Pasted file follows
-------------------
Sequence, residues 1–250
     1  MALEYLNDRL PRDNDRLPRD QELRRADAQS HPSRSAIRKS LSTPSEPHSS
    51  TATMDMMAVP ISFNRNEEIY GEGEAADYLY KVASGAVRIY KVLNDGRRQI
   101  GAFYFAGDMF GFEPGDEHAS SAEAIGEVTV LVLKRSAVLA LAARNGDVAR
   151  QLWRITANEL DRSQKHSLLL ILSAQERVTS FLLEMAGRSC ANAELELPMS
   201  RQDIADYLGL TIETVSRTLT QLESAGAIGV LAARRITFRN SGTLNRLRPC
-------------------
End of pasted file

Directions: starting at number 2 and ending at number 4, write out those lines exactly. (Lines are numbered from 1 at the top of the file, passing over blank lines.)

     1  MALEYLNDRL PRDNDRLPRD QELRRADAQS HPSRSAIRKS LSTPSEPHSS
    51  TATMDMMAVP ISFNRNEEIY GEGEAADYLY KVASGAVRIY KVLNDGRRQI
   101  GAFYFAGDMF GFEPGDEHAS SAEAIGEVTV LVLKRSAVLA LAARNGDVAR